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Multi sensor systems and floods risk management in the Danube Delta

Niculescu Simona(1), Guttler Nor Fabio(1), Lardeux Cédric(2) and Rudant Jean-Paul(2)

(1) Géomer, UMR 6554, LETG, Technopôle Brest Iroise, Place Nicolas Copernic, 29280, France
(2) Institut Francilien des Sciences Appliquées, 5 bd Descartes, 77454 Marne la Vallée Cedex 2, France

Abstract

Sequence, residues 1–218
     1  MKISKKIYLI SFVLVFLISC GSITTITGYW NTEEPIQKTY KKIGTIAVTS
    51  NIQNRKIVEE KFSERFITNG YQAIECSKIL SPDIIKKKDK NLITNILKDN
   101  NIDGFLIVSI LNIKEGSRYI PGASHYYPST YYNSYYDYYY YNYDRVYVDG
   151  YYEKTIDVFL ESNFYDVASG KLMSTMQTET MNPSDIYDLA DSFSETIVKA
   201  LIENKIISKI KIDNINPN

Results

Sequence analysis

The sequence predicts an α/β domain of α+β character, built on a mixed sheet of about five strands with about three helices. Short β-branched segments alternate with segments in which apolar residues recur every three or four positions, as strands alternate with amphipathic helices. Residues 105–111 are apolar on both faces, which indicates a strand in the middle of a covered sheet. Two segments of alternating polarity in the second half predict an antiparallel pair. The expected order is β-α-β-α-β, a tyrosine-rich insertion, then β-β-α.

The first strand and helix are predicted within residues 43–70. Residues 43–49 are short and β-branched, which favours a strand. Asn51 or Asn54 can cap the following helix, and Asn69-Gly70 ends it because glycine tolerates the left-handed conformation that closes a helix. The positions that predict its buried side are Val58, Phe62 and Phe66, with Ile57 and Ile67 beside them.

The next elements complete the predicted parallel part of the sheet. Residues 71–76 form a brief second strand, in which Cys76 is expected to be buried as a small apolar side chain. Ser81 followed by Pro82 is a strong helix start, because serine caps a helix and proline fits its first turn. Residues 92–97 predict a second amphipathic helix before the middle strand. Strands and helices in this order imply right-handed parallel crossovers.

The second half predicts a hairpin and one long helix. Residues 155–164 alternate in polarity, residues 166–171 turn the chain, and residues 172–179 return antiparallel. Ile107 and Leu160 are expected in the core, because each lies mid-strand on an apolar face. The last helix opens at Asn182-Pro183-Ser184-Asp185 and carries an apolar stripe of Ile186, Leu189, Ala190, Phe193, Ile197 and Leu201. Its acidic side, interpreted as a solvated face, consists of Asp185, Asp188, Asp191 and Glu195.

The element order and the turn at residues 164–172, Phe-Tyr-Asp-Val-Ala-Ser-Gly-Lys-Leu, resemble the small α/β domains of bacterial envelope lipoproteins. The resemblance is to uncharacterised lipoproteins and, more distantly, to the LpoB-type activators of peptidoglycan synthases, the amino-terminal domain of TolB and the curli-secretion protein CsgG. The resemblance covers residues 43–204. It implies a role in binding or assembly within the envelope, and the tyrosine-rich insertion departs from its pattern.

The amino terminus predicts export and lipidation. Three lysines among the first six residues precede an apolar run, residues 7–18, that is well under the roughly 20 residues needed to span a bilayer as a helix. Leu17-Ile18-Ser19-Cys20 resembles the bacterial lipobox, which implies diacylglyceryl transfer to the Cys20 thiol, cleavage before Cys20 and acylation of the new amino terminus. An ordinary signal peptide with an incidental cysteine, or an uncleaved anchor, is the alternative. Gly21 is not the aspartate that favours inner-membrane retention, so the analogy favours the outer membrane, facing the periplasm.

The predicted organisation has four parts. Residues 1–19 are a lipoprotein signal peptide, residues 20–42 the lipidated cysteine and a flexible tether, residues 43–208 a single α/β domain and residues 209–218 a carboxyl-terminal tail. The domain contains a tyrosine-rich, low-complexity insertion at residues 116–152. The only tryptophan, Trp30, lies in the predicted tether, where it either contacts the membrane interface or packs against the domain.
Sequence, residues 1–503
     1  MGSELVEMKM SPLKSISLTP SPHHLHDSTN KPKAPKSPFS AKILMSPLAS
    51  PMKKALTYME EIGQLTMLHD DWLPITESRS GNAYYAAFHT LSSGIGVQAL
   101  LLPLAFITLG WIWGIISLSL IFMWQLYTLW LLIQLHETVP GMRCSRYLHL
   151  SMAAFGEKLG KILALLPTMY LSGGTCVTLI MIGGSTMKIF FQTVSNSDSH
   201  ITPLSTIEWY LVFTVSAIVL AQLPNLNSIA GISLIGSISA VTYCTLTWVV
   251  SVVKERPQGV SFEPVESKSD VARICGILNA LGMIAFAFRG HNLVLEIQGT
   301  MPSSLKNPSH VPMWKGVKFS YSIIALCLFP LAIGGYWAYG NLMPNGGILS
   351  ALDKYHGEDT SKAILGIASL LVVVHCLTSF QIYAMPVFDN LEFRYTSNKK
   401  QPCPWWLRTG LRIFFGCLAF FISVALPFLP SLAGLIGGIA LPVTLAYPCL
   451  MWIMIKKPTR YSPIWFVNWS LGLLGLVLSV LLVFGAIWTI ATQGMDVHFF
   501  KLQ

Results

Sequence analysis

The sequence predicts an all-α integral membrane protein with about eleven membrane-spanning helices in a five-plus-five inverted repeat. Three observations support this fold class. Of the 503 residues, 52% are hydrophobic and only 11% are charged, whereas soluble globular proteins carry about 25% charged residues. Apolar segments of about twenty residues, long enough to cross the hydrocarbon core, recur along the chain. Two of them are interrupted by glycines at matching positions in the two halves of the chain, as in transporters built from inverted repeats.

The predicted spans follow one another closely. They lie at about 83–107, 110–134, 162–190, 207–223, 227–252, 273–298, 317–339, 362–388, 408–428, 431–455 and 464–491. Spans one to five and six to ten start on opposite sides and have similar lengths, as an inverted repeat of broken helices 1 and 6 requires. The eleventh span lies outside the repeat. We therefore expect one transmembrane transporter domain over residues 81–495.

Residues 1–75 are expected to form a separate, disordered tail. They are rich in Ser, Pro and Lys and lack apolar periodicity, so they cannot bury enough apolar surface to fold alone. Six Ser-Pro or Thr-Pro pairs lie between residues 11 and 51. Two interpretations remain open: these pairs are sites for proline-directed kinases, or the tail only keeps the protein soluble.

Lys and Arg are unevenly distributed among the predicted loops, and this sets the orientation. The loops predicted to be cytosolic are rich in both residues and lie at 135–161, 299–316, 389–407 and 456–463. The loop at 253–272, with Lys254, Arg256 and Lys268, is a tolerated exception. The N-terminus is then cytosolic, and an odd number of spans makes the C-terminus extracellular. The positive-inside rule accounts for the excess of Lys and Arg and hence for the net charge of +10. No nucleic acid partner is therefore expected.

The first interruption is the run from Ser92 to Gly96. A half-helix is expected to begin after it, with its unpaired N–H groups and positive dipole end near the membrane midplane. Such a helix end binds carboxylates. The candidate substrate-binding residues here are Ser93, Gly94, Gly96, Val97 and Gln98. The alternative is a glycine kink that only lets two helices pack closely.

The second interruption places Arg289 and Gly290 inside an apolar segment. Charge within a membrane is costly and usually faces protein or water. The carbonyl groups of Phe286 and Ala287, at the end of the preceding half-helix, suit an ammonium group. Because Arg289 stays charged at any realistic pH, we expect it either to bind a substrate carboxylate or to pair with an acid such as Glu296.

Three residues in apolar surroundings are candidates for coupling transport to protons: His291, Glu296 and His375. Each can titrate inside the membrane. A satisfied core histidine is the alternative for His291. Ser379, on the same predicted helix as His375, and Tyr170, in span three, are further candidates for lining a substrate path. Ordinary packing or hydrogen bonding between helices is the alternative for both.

The use of multi sensor systems, such as radar and hyperspectral images, and Digital Terrain Model issued LIDAR, contributes to a better comprehension of the floods in the Danube Delta, their impacts, and the risk management and sustainable development of the delta. This paper presents the treatment of Advanced Synthetic Aperture Radar images, in C band and vertical polarization, to cartography the flooded and floodable areas during the events of the spring 2006 in the Danube Delta. A set of implemented radar images were taken both before, during, and after the floods, on April 19-th, May 1-st, and May 8-th 2006 respectively, and during the consecutive year on June 13-th 2007. A data fusion is proposed, with the three dates of 2006, as well as the same dates plus that of 2007. Although radar imaging gives important and precise information on the location and characterisation of the flooded and floodable areas, and on essential areas in the land settlement of the territory that belongs to the administrators and the delta population, this instrument quickly shows its limits. In order to characterize floodable zones, complementary hyperspectral images were recorded with the Compact High Resolution Imaging Spectrometer of the PROBA satellite, thus restoring accurate details of vegetal surfaces in this humid zone. The capacity of this satellite to provide hyperspectral data at multiple angles is particularly useful to characterize the deltaic vegetal stratum surface, previously detected by ASAR in some regions as floodable. Some correlations between the social and economic aspects of this vegetal stratum and their flood potential, according to different forms of agricultural practices, were established. Joint strategies based on multispectral analysis and spatial classifications using textures associated to different types of vegetation, allowed us to minimize the confusion between different vegetal classes in the wetland. Watermark estimation during the events of 2006, were drawn by merging the data with Lidar measurements taken during the 2007 campaign, all over the Danube valley in the Romanian sector (with a precision of order 15 to 30 cm). From those models maps of floodable areas were developed, according to different hypothesis (such as level of the river flow, bursting or not of the breakwater), in order to control the episodes of the crisis. Finally, the knowledge of both the water heights, through numerical model, and the local topography, through Digital Terrain Model, allow us to determine the flooded areas and the height of their submersion.

 

 

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